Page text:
Chapter 1: in which some things never change but some things are very different
I’ll save you from the pirates.
She looks different now. Older, of course, and more confident. The Katara who had glared up at him, bound to a tree, was young and frightened. Master Waterbender Katara, Ambassador of the Southern Water Tribe, is something else entirely. When she glides off the ship with Sokka, now Chief, she is practically regal.
When they sit down to discuss peace and trade – all of them, representatives from the North and South Poles, the Earth Kingdom, the Avatar, gathered at the Fire Lord’s table – the facade slips a little. Sokka has forgotten a scroll, and Katara thwacks him on the back of the head.
“You’re lucky I remember the numbers! Didn’t I tell you a thousand times to pack all the documents?”
Some things never change.
At the end of a long day of diplomacy, Fire Lord Zuko stands and bows. “The Fire Nation is grateful to each of you. Rebuilding each of our nations is no small task, but to undertake it together is a great comfort. I hope you will all join me for a banquet in your honor this evening, and for more discussions tomorrow morning.”
As the delegates file out, murmuring honorifics to each other, he sees Katara look at him for a beat, then two. He does not return her gaze, but he wonders if she is remembering what he is remembering.
Try to understand.
He hadn’t, not then. Had not understood the thrill that raced down his fingertips when he had seized her wrists. Had not understood the unfurling of something primal within him at the sight of her tied up, at his mercy. Had shoved down the desire that threatened to choke him.
But that was years ago. He understands a great deal more now.
He has worn the title Fire Lord for almost two years now. It has been a difficult two years. Peace has come slowly, and every nation bears great wounds, his included. He rises with the sun each day but usually sees the moon before he goes to sleep, every hour filled with the hard work of healing his people, his nation, the world.
Well, not every hour.
Being the Fire Lord does, after all, have certain advantages. He cannot deny that he has engaged in the occasional fling, cannot deny that a few beautiful women have occupied his bedchambers now and then. He cannot deny that he’s learned a few things about his own proclivities.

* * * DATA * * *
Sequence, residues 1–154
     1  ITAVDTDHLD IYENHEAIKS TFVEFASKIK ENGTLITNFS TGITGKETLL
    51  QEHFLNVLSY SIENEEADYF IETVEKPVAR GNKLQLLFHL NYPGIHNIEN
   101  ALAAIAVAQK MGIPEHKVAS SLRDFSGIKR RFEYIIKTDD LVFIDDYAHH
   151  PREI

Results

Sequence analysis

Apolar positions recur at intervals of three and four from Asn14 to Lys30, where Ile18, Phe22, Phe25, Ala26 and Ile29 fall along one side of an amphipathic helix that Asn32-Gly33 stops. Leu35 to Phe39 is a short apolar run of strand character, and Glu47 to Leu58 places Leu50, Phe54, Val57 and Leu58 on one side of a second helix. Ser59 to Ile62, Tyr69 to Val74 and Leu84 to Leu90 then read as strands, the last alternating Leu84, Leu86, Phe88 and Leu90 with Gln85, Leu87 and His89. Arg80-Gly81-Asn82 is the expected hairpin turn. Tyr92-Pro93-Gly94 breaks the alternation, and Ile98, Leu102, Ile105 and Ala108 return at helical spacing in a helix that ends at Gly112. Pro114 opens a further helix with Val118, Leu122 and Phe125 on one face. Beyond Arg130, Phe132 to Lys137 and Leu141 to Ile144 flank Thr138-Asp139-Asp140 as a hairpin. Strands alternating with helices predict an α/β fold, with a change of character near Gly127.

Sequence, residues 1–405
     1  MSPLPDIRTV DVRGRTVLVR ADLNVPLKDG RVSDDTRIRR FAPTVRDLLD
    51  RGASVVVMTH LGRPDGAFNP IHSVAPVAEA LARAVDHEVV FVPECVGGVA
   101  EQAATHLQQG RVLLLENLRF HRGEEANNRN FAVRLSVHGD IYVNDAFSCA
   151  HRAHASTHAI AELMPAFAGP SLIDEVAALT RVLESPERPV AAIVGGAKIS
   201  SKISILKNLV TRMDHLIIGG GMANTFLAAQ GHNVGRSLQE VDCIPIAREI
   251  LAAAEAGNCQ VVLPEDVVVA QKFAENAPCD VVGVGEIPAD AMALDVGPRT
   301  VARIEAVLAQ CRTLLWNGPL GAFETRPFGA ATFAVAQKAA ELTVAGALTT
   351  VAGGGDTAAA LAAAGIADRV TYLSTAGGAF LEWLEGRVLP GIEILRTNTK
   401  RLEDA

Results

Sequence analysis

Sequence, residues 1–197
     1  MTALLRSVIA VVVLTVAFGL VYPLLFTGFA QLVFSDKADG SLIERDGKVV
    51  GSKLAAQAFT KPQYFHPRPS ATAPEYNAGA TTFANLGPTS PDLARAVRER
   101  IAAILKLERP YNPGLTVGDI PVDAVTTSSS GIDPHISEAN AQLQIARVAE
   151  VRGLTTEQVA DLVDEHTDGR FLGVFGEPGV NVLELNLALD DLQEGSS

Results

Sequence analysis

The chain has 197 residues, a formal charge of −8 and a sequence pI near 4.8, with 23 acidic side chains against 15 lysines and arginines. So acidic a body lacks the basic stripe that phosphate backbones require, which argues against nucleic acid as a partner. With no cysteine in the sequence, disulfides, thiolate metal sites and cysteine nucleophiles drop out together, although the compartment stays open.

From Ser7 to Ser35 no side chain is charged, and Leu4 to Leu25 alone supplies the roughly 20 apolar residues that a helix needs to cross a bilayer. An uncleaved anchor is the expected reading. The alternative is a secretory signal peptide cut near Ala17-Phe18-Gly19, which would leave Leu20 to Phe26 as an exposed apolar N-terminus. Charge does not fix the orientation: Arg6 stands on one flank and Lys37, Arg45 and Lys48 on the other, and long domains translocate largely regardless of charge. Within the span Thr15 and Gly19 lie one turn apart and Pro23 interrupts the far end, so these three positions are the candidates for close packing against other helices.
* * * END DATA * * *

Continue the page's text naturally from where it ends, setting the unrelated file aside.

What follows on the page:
That, too, has been difficult. Ozai had been a tyrant, cruel and domineering, and Zuko wants nothing more than he wants to be different. To be strong yet just. To earn his people’s respect but not their fear. To draw pride and pleasure from seeing his nation flourish, not cower.
But behind the closed doors of his royal suite, well, a few women had let him be a tyrant, and he finds he wants that very much.
And so he can look back on himself, young and inexperienced, and identify the first blossoming of that desire when he yanks Katara by her wrists, when he meets her huge eyes while she is bound. And he’s not exactly proud of it – he had intended nothing of the sort at the time – but he cannot pretend that wasn’t the beginning of it all.
And he cannot pretend that he hasn’t remembered that night nearly every night in the last two years.
He hasn’t laid eyes on her in that span of time. In the blurred few days after their long quest had ended, Sokka and Aang had spirited her away. Since then he’s had letters from all of them, and from those he gathers that she’s been mostly in the South Pole, healing and rebuilding her tribe. Aang has been all over the world, flitting from city to city, helping wherever he is needed. Sokka has been with Katara, growing into a man, taking on the mantle of Chief.
When Zuko had decided it was time to convene, time to plot a way forward now that every nation had managed to staunch the bleeding, of course he had invited brother and sister from the South. And if he hoped to see Katara again for more than strictly diplomatic reasons, well, he hadn’t mentioned it to anyone, least of all her.
Because though he doesn’t doubt that she remembers that night, he seriously doubts she remembers it the same way he does.